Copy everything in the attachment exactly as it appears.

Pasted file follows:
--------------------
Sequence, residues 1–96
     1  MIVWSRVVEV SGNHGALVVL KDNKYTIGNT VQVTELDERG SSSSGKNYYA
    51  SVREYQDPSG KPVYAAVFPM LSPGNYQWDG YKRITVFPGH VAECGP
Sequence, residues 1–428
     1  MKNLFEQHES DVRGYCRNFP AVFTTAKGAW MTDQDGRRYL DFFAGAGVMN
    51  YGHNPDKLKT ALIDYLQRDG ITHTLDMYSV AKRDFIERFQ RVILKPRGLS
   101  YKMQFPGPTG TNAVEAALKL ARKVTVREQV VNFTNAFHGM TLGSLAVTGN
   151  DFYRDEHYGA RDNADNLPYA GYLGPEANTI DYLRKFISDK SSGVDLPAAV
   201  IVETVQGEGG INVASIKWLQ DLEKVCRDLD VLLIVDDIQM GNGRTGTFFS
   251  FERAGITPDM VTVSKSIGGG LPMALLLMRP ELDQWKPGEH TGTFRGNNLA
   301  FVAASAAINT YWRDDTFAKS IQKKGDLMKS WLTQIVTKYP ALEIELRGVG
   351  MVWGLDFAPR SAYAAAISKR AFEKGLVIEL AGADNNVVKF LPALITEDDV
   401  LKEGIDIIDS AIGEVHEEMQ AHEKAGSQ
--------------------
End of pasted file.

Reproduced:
Sequence, residues 1–96
     1  MIVWSRVVEV SGNHGALVVL KDNKYTIGNT VQVTELDERG SSSSGKNYYA
    51  SVREYQDPSG KPVYAAVFPM LSPGNYQWDG YKRITVFPGH VAECGP
Sequence, residues 1–428
     1  MKNLFEQHES DVRGYCRNFP AVFTTAKGAW MTDQDGRRYL DFFAGAGVMN
    51  YGHNPDKLKT ALIDYLQRDG ITHTLDMYSV AKRDFIERFQ RVILKPRGLS
   101  YKMQFPGPTG TNAVEAALKL ARKVTVREQV VNFTNAFHGM TLGSLAVTGN
   151  DFYRDEHYGA RDNADNLPYA GYLGPEANTI DYLRKFISDK SSGVDLPAAV
   201  IVETVQGEGG INVASIKWLQ DLEKVCRDLD VLLIVDDIQM GNGRTGTFFS
   251  FERAGITPDM VTVSKSIGGG LPMALLLMRP ELDQWKPGEH TGTFRGNNLA
   301  FVAASAAINT YWRDDTFAKS IQKKGDLMKS WLTQIVTKYP ALEIELRGVG
   351  MVWGLDFAPR SAYAAAISKR AFEKGLVIEL AGADNNVVKF LPALITEDDV
   401  LKEGIDIIDS AIGEVHEEMQ AHEKAGSQ